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Publication Date

Winter 1-2019


This study explores and addresses the self-identified needs of people who long for intimacy with God with spiritual companions in community. The target audience is the dispersed constituency of Renovaré. The Fellowship of the Burning Heart, a religious order, was designed to meet this need.

Fellowship of the Burning Heart’s intent is to fan into flames participants’ love for God, each other, and the world through regional gatherings of a sustained community of Christocentric fellowship around a shared rule of life and shared experiences with God. This will happen both annually at a retreat and in small groups throughout the year. The potential impact can be transformational, reaching deep into relationships and culture.

The practice of community is argued to be intrinsic to humanity’s creation and vital to the wholeness and freedom God offers each Christ-follower. This need is not always met in a local congregation. Renovaré’s origin, core values, and beliefs are examined, as well as cultural and subcultural influences contributing to perceived isolation. Additionally, the benefits of a religious order in modern culture are highlighted.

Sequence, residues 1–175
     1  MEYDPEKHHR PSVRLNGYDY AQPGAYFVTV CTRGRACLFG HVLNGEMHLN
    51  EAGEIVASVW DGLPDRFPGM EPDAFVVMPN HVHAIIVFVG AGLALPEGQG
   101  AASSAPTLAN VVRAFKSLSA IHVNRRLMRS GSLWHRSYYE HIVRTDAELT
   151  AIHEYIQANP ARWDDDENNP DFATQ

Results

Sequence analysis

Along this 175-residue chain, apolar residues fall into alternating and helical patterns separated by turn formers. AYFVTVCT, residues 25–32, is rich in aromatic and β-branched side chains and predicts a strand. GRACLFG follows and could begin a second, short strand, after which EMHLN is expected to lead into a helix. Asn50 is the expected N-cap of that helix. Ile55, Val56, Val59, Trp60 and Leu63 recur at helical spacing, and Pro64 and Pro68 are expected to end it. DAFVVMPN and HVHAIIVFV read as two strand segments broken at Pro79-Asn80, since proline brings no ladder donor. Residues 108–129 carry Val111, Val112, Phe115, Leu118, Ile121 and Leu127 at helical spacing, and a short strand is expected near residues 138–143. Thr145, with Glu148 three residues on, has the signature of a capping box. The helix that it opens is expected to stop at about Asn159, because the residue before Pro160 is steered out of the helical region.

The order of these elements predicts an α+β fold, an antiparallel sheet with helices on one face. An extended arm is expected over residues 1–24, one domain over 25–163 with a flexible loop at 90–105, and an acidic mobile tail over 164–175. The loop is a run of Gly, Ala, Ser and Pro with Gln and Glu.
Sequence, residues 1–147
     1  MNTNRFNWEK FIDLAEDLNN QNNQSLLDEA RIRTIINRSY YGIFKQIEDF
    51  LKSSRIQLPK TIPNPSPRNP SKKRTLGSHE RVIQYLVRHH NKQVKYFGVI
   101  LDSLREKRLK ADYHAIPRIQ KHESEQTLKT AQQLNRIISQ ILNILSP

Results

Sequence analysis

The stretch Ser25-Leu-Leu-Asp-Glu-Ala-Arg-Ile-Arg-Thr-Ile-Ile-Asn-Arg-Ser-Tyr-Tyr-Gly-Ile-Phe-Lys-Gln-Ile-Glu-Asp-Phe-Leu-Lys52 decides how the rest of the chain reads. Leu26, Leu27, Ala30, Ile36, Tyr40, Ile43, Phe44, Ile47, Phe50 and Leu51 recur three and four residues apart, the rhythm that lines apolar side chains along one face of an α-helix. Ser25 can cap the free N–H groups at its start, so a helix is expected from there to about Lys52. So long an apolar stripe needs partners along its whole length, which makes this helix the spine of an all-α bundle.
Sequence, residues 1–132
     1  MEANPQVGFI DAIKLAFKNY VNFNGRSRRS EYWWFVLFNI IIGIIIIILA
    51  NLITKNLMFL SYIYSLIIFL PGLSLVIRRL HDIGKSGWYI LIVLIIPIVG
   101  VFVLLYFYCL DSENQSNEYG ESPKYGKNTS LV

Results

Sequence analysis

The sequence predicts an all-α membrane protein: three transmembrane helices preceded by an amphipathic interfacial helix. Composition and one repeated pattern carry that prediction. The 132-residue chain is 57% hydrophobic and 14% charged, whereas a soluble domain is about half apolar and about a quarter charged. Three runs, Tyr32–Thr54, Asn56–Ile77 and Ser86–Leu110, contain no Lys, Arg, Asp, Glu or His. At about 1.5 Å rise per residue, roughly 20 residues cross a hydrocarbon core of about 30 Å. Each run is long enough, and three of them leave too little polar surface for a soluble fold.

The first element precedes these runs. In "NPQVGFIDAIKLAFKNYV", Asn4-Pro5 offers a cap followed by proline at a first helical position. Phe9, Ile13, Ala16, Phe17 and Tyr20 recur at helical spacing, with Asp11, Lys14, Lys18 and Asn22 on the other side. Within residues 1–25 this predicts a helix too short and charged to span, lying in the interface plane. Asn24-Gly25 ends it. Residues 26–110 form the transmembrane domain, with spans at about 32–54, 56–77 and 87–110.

Through an examination of Scripture, a theological rationale for this ministry initiative is developed. Theological contributions to the design of the order are drawn from the spirituality of the desert fathers and mothers, early Orthodox theologians, Ignatius of Loyola, and Dallas Willard.

Core values, goals, strategies, and structures are created for the order, and the first local pilot is chronicled, including the implementation timeline, the process, and the evaluation of the initial phase. Outcomes were rated highly in participant surveys. A plan for future ongoing implementation and evaluation is provided for the subsequent development of additional sustainable local chapters.

Degree Name

Doctor of Ministry (DMin)

First Advisor

Gary W. Moon, PhD

Document Type





Renovaré, Companions, Communities, Order, Dallas Willard, Ignatius of Loyola, Listening, Fostering


Christianity | New Religious Movements


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